This common piece of electrical testing equipment is an invaluable tool when it comes to DIY troubleshooting car problems. You can pick them up for next to nothing online or at your local car parts shop, and use it to test your alternator, battery or anything electric in and around your vehicle.

Alternator Testing, Step-by-Step

Before you jump right in to testing the voltage on your alternator, you should check your battery health. A weak, old or damaged battery could cause many of the symptoms detailed above, so grab your multimeter and set it to read voltage at 20V:

  1. Turn on your headlights to get rid of any “surface charge” for about two minutes, then turn them off
  2. Open the bonnet of your car and locate your battery. You might need the manual for this in some modern vehicles as it can be hidden from view
  3. Locate the battery terminals. The positive (+) and negative (-) terminals should be clearly marked
  4. Check your battery cables are properly attached and not damaged or corroded
  5. Using your multimeter, connect the red probe to the positive terminal and the black probe to the negative terminal
  6. The readout on your multimeter should be around 12.6 Volts. Anything lower than this and you have battery problems
  7. Leaving the probes in place, start your engine and watch the readout. The Volts will drop as the alternator kicks in, but if it drops below 10 Volts, it’s a sure sign of a bad battery. Turn off your engine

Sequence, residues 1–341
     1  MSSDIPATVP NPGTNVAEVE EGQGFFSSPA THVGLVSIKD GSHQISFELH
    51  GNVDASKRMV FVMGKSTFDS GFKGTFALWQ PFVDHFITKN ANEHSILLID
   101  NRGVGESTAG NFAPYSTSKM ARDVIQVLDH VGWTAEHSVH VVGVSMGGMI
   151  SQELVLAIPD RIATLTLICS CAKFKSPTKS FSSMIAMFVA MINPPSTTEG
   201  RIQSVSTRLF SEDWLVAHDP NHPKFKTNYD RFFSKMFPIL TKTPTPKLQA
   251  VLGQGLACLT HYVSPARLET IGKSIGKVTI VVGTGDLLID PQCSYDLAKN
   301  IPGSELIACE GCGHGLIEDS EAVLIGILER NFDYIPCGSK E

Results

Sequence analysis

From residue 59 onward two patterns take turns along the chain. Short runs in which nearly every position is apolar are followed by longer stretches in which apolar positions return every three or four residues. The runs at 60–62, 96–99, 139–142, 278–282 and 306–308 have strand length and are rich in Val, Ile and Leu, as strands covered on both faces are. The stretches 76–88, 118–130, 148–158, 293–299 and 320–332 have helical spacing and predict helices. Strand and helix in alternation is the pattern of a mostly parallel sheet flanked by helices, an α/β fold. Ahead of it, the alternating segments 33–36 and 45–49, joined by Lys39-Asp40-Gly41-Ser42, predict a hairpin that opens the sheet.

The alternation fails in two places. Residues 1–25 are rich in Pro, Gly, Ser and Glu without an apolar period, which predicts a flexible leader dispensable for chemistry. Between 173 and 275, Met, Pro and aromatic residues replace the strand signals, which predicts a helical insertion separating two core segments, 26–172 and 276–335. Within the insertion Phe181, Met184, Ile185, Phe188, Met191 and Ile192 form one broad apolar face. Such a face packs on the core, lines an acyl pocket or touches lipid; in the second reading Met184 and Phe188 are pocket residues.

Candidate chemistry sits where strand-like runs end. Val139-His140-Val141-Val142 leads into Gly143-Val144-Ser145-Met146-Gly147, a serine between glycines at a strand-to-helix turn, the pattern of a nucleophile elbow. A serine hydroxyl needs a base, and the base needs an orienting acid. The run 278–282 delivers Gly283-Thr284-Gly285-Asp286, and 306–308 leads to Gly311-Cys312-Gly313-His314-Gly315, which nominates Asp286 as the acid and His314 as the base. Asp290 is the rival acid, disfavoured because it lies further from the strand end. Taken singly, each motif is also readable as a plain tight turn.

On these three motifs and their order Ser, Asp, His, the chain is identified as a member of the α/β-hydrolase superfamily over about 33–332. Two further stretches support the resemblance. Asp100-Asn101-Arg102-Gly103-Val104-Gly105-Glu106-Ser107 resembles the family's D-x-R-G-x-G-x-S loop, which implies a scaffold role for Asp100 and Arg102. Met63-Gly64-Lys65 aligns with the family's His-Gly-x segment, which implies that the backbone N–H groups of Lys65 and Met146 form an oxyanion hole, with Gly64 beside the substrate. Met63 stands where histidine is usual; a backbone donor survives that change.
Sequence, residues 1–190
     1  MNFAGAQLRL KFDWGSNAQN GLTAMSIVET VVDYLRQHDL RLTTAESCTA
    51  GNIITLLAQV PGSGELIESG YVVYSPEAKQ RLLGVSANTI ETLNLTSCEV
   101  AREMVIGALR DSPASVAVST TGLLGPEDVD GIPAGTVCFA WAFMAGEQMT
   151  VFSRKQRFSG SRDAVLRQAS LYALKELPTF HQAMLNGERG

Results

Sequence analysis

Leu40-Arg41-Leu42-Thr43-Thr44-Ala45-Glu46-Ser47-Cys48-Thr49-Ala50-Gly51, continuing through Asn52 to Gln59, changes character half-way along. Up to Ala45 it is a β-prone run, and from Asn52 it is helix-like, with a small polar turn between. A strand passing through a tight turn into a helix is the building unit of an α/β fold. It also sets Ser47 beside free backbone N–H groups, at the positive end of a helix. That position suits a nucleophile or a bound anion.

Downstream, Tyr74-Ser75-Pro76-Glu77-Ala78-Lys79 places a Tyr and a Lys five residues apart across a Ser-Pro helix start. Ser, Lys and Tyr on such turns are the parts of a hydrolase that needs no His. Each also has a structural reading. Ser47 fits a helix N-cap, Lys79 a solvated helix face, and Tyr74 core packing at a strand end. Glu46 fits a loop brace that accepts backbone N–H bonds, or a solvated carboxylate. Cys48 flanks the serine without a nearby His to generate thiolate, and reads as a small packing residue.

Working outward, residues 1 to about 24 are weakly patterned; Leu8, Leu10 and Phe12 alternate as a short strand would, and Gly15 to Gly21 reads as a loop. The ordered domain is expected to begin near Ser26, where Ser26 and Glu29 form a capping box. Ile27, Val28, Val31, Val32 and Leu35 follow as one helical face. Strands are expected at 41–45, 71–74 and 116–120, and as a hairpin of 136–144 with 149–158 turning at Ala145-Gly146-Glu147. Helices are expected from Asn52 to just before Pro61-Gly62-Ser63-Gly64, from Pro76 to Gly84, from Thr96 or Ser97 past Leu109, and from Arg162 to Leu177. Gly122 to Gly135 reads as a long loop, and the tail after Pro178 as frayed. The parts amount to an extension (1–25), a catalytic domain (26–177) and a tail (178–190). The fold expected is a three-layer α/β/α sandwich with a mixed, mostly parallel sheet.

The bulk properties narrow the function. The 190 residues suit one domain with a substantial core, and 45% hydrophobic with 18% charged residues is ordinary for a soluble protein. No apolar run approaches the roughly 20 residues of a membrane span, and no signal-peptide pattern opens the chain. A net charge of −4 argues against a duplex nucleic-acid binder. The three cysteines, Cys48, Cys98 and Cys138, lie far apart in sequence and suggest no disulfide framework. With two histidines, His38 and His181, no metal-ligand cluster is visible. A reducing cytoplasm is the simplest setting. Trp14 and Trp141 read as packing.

Now you’ve checked out your battery, it’s time to do the same with your alternator. Leave your multimeter set to 20 Volts DC for this test, and leave the probes connected to your battery terminals

  1. With your engine still running, check the readout on your multimeter, it should read around 14.2 Volts. A low reading means your alternator isn’t keeping up with demand, and a high reading means it’s not regulating the flow of electricity properly
  2. Now’s time to see how your car systems perform with a load on the battery. Turn on your headlights, fans, stereo and other car electrical systems
  3. Now take another look at your multimeter, the readout from the battery should dip slightly to around 14 Volts with all the load on it, but not much more than that. Any lower than 13 Volts and you’re in trouble
  4. Now turn off your car systems that were putting a load on your battery and watch the Volts fall back down
  5. Your reading should be slightly higher than the original one you got when you first tested your battery. This means your alternator is charging it properly. If it’s the same, or less than 12.6 Volts, your alternator isn’t doing its job properly.
  6. Remove the probes from your battery, replace any covers and switch off your engine

testing alternator with multimeter

What to Do Now?

If you followed our steps to test your battery and alternator, and you think it’s not performing well enough, it’s time to talk to your mechanic. They will be able to test your battery thoroughly and check the tension on your auxiliary belt, as well as replace your alternator for a new one. 

It’s possible to change an alternator yourself, but unless you’re confident enough to remove your serpentine belt and work on electrical components, it’s best left to the experts. 

How useful was this post?

Click on a star to rate it!

Scroll to Top